By Alex Szeptycki
Phoebe Bridgers has crafted a disc filled with pristine, meditative songs that carry a brutal emotional weight.
Phoebe Bridgers’s music feels as if it is driven by a constant interrogation of the musician’s memory. Various moments from the past are dissected — from relationships to drug trips to long car rides — in a search for meaning. On Punisher, her second full-length LP, the Los Angeles singer/songwriter’s quest pays off in marvelous fashion. She has crafted a disc filled with pristine, meditative songs that carry a brutal emotional weight.
Instrumentally, Punisher continues and then develops on the strengths of Bridgers’s debut, A Stranger in the Alps. Soft, understated melodies provide a tender platform for perceptive lyrics. “Garden Song” typifies her minimal approach: silky acoustic guitars are her only musical accompaniment. Her voice is high pitched and muted as she reminisces about her upbringing, singing “I grew up here, ‘till it all went up in flames/Except the notches in the door frame.” It’s an evocative image, one tinged with tragedy. The ending, though, is somewhat aspirational, as she muses, “I don’t know how but I’m taller/there must be something in the water.” She looks to the future, acknowledging how far she’s come. On the chorus, her voice is layered, lending the sound some extra heft. It’s an effect she used frequently on A Stranger in the Alps, and it’s lost none of its artful potency here.
That said, not every moment on Punisher is quiet. Bridgers knows when to turn up the intensity; her intuition makes these passages all the more impactful. “Kyoto” is a deceptively upbeat track, populated with bright horns and energetic guitars. But Bridgers comes off as detached from this fanfare; her mind wanders from boredom on tour to her fraught connection with her father. As the horns swell, she expresses her conflicted feelings: “I don’t forgive you/But please don’t hold me to it.” The contrast between the tune’s upbeat instrumentation and the downtrodden sentiments of the lyrics dramatically emphasize the singer’s conflict.
Punisher also sees Bridgers refining her craft as a lyricist. In particular, she has a talent for deconstructing her relationships with incisive honesty. On “Halloween,” the singer uses the holiday as an excuse to be someone else, singing “Baby it’s Halloween/We can be anything/Oh come on man/We can be anything.” But the tone isn’t celebratory — this call for disguise comes off as a plea rather than an invitation to play. Elsewhere, on “Moon Song,” she describes the devastating effects of unrequited love. Lines such as “So I will wait for the next time you want me/Like a dog with a bird at your door” are stark expressions of hopelessness. This dejected but gripping image drives the song’s despondent mood.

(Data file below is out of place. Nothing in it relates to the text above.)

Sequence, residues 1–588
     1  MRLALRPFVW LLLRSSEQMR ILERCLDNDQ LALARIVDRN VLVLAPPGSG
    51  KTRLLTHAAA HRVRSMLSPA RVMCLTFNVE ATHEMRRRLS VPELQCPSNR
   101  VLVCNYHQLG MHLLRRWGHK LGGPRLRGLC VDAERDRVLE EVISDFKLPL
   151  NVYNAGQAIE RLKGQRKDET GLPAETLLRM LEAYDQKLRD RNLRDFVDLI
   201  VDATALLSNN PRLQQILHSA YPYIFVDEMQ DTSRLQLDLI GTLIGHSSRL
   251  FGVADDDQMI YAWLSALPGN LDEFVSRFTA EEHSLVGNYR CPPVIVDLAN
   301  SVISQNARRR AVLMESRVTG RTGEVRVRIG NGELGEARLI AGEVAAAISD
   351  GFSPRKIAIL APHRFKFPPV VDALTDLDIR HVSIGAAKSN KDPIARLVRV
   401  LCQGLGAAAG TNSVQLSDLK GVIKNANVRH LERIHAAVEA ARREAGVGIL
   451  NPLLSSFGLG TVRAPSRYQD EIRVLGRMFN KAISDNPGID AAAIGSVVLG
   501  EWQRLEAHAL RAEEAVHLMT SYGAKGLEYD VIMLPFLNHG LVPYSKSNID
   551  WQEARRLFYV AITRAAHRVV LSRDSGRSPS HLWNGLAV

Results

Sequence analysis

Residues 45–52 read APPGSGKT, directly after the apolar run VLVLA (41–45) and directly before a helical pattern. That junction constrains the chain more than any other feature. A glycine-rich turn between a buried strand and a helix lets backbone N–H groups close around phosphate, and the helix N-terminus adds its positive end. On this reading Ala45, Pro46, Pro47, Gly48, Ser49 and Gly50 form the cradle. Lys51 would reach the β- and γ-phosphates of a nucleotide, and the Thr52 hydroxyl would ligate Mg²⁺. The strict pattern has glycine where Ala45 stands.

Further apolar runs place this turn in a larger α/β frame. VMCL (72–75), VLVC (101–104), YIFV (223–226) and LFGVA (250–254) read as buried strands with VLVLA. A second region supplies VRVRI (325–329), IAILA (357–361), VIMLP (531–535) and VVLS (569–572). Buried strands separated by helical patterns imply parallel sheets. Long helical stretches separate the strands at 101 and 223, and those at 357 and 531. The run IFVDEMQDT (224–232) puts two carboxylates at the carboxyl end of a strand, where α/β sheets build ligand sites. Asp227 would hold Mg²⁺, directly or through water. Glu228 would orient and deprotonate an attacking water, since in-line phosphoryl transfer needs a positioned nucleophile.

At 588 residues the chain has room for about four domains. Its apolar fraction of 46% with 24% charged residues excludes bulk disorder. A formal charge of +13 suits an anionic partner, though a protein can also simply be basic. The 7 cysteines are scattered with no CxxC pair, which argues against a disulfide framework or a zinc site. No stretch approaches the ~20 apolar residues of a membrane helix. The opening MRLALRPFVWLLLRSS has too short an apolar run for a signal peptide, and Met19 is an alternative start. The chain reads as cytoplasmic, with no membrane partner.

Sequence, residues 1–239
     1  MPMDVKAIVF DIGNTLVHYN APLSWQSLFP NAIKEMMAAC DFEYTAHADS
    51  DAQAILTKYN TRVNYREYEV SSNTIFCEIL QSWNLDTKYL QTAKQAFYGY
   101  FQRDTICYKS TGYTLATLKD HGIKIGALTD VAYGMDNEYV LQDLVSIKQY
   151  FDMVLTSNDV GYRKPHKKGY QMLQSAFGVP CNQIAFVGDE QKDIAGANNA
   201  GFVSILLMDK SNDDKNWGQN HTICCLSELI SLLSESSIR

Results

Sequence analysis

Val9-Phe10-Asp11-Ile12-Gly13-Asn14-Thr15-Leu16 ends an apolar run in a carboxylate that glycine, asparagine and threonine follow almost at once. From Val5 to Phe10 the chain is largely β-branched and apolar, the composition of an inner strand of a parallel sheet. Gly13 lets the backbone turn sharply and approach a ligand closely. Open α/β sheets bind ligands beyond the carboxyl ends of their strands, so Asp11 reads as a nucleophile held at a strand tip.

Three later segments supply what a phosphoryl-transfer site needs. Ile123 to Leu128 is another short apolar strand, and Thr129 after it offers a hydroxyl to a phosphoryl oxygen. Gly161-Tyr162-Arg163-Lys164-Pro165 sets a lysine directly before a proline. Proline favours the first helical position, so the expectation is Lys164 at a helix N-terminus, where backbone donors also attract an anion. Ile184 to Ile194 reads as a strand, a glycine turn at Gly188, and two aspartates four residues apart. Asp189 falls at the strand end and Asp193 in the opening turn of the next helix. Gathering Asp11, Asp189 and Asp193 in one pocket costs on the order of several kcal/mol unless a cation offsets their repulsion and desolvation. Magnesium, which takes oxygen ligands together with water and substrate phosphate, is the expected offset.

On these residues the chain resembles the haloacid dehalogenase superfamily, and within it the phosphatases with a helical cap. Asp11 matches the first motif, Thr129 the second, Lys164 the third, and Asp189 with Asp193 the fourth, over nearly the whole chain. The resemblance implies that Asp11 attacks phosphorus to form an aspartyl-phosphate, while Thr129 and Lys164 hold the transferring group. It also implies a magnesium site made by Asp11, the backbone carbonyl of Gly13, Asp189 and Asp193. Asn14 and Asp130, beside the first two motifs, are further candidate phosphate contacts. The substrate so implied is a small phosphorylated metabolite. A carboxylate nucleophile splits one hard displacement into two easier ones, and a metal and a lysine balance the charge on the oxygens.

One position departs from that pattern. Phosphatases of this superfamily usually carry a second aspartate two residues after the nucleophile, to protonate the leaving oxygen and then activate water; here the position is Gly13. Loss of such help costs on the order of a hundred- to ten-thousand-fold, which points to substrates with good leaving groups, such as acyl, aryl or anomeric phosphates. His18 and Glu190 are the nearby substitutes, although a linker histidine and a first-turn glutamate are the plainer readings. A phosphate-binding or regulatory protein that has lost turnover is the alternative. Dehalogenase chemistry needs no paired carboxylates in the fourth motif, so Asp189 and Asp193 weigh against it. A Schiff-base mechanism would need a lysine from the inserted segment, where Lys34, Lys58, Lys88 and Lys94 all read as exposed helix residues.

Nuance and honesty are the hallmarks of Bridgers’s work, even in the face of hardship. “Graceland Too” underscores how unflinching she can be. This folk ballad revolves around a woman who is dealing with serious mental health issues. The music weaves together a banjo, fiddle, and acoustic guitar. The opening line — “No longer a danger to herself or others/She laced up her shoes and made up her mind” — conjures up gray images of a mental hospital. Bridgers ends with the statement “whatever you want me to do, I will do.” It is the singer’s declaration of allegiance to the woman. The empathy is endearing, an offer of consolation at the end (or the beginning?) of a fraught road.
Also, it would be a mistake to think that Bridgers’s subjects are confined to the interpersonal and romantic; the album entertains a number of varied and creative ideas. “Punisher,” the title track, is a tribute to the late singer-songwriter Elliott Smith (his influence can be heard throughout the recording). The singer wonders, “what if I told you I feel like I know you/But we never met?” It’s a poignant moment, a reminder of the importance of paying homage to artistic inspiration. But, at the conclusion, Bridgers displays self-doubt. Is she the same kind of type of fan who leaves her exhausted? She sings, “I can’t open my mouth and forget how to talk/’Cause even if I could, wouldn’t know where to start/Wouldn’t know when to stop.”
Other tracks on Punisher deal with more abstract anxieties. “Chinese Satellite” grapples with belief, whether in religion, aliens, or some other higher power. Bridgers desires to believe in something, but she can’t quite bring herself to do so. She sings “I want to believe/Instead I look at the sky and I feel nothing/You know I hate to be alone/I want to be wrong.” She is mourning her own lack of faith. As the song crescendos, the strings and backing vocals feel almost heavenly — the bitter irony of the cliché registers existential dread.
Punisher’s closing track, “I Know the End,” is its highlight. The tune is an apocalyptic account of a road trip up the California coast, through areas whose landmarks include slaughterhouses, haunted houses, and spaceships. The instrumental component, filled with bright guitars and swelling horns, builds slowly. As the song reaches its peak, Bridgers yells “The end is near” — there is an explosion of noise, crashing drums cascading around a glorious mess of guitars, synths, and horns. This is a moment of chaotic rock perfection. Still, the pandemonium is tinged with anxiety, the exhilarating noise slowly descending into discord. This epic and harrowing journey serves as the perfect end to a stunning album.
Alex Szeptycki is a student from Charlottesville, Virginia, currently studying at Stanford University. He is majoring in American Studies, with a focus in Contemporary Art and Media. He is currently finishing up his senior year, before looking to pursue a career in writing or the arts.